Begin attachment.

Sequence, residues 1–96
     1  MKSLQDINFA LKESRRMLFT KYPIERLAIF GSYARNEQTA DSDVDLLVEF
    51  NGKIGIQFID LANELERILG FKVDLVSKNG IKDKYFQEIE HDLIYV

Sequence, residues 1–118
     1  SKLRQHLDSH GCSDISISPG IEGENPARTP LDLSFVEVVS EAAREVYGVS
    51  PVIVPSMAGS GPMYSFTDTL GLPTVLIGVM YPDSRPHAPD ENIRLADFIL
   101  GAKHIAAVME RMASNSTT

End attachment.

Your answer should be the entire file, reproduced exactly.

Sequence, residues 1–96
     1  MKSLQDINFA LKESRRMLFT KYPIERLAIF GSYARNEQTA DSDVDLLVEF
    51  NGKIGIQFID LANELERILG FKVDLVSKNG IKDKYFQEIE HDLIYV

Sequence, residues 1–118
     1  SKLRQHLDSH GCSDISISPG IEGENPARTP LDLSFVEVVS EAAREVYGVS
    51  PVIVPSMAGS GPMYSFTDTL GLPTVLIGVM YPDSRPHAPD ENIRLADFIL
   101  GAKHIAAVME RMASNSTT